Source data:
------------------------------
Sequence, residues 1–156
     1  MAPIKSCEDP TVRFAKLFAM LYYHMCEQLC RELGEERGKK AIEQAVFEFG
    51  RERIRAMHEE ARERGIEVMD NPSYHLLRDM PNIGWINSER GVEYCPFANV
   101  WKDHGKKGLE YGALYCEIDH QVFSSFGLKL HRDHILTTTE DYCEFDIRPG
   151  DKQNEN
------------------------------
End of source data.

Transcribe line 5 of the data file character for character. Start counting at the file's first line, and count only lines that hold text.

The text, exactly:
   151  DKQNEN